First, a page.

Findlay, OH - Cooper Tire & Rubber Company reported first quarter 2017 net income of $31 million, or diluted earnings per share of $0.57, compared with $59 million, or $1.05 per share, last year. Consolidated unit volume increased 2.9 percent compared with a year ago, led by strong growth in the International segment and Latin America. Net sales decreased 1.0 percent to $643 million. Operating profit decreased by $42 million from the prior year to $49 million, or 7.6 percent of net sales, reflecting a volatile raw material cost and product pricing environment. The company’s raw material index increased 26.5 percent from the first quarter of 2016 and its raw material costs increased by $50 million. There was a $5 million negative volume impact on operating profit driven by a unit volume decrease in North America, a region with a typically higher average profit per tire, which was partially offset by unit volume increases in the other regions. The quarter included multiple unusual items that totaled a net benefit of $12 million. This included a benefit from the reversal of preliminary tariffs on truck and bus radial (TBR) tires which were incurred in 2016, which was partially offset by certain direct expenses related to tornado damage at a leased distribution center and the write-off of certain assets related to the company’s global ERP system implementation. Diluted earnings per share were $0.57 compared with $1.05 per share a year ago. $18 million of company stock was repurchased during the quarter at an average price of $37.63 per share. "As anticipated, the first quarter was impacted by a dramatic increase in raw material costs. For Cooper, which is on the LIFO accounting method in the U.S., increased raw material costs reduced profits by $50 million, which was partially offset by price and mix improvements of $8 million. In addition, U.S. unit sales volume was down as a result of the timing of price increases and aggressive promotional activity by competitors, as well as overall weaker industry sell-out volumes. We incurred higher manufacturing costs in North America as we managed our inventory levels by reducing production. On the positive side, our U.S. TBR volume was up 32 percent, Latin America region unit volume was up nearly 16 percent, and International segment volume was up 31 percent. Combined, global unit volume increased nearly 3 percent year over year, and we generated a 16.6 percent return on invested capital for the trailing four quarters. We believe Cooper is well positioned as we head into the remainder of 2017,” said Cooper's president and chief executive officer, Brad Hughes. "Going into the second quarter, our inventory levels are in good shape and raw material costs have begun to level off. We expect pricing to continue to adjust to the new raw material cost environment and promotional activity to continue. Our U.S. unit volume should improve relative to the industry and we anticipate that our March price increases will deliver more benefit with a full quarter's impact. For the second half of the year, we anticipate that the industry environment will stabilize and that our U.S. unit volume will be in line with the industry, helping Cooper achieve the high end of our 8 to 10 percent operating profit margin range for the full year. We are pleased with the unit volume growth in our International segment and are actively addressing the opportunities we have to improve unit volume in the U.S. With our strong business model, great teams around the world, and our global manufacturing footprint, Cooper remains well positioned to continue to succeed across a wide range of business conditions." - * Email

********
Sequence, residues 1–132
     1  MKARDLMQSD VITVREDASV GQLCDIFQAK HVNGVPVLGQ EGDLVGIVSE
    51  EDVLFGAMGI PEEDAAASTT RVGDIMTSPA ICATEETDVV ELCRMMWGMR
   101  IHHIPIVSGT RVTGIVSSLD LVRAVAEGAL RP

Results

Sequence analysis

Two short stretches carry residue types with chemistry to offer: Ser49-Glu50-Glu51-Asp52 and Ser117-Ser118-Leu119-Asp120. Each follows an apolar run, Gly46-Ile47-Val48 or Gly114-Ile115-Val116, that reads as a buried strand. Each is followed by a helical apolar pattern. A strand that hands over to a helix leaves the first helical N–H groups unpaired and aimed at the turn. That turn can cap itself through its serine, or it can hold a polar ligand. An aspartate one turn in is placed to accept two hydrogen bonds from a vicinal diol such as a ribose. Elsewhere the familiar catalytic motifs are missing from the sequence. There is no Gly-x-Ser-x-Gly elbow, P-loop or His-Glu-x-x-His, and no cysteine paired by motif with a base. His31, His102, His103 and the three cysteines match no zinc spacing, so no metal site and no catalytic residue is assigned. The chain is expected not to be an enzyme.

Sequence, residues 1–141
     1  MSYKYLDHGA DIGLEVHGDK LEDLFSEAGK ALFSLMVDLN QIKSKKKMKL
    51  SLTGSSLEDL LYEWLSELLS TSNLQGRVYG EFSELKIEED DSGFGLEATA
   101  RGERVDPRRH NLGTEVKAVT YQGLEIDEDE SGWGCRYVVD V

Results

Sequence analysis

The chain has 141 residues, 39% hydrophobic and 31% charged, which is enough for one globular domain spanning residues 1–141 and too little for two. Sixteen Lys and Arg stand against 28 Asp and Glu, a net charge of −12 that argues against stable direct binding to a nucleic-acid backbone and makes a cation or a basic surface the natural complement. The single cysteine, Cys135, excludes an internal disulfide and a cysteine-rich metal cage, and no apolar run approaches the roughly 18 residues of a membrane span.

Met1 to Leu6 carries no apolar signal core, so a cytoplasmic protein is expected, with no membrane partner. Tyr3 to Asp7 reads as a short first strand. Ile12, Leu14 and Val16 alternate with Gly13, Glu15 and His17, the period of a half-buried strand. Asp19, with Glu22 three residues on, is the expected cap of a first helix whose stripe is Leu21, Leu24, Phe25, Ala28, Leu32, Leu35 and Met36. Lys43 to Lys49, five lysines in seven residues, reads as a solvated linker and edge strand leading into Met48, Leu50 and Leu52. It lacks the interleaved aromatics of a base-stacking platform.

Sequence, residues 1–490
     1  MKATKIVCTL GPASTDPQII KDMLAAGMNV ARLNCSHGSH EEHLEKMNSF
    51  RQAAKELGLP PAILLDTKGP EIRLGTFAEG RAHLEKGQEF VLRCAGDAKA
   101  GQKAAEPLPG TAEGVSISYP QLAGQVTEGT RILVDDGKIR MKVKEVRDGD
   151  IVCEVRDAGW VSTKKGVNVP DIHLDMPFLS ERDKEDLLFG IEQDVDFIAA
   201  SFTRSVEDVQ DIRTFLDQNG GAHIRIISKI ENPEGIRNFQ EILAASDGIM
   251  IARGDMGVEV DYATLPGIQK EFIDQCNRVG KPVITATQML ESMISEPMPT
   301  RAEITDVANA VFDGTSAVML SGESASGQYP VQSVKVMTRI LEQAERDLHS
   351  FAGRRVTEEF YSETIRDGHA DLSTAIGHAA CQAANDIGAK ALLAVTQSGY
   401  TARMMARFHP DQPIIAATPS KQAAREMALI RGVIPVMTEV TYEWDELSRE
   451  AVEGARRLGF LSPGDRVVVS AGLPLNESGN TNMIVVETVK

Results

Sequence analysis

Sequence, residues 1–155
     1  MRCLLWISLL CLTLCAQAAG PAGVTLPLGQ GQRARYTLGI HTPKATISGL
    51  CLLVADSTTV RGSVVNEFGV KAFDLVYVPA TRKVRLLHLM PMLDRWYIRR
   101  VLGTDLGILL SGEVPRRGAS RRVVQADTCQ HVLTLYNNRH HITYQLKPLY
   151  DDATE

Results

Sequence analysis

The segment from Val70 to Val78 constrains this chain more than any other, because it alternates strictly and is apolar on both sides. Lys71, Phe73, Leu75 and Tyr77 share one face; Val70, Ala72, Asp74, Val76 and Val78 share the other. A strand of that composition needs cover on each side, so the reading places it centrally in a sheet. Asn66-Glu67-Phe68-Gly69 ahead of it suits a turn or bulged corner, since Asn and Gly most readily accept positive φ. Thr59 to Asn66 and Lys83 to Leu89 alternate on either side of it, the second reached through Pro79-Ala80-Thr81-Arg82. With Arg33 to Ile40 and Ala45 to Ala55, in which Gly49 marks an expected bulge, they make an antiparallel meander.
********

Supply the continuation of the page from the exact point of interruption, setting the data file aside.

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McLube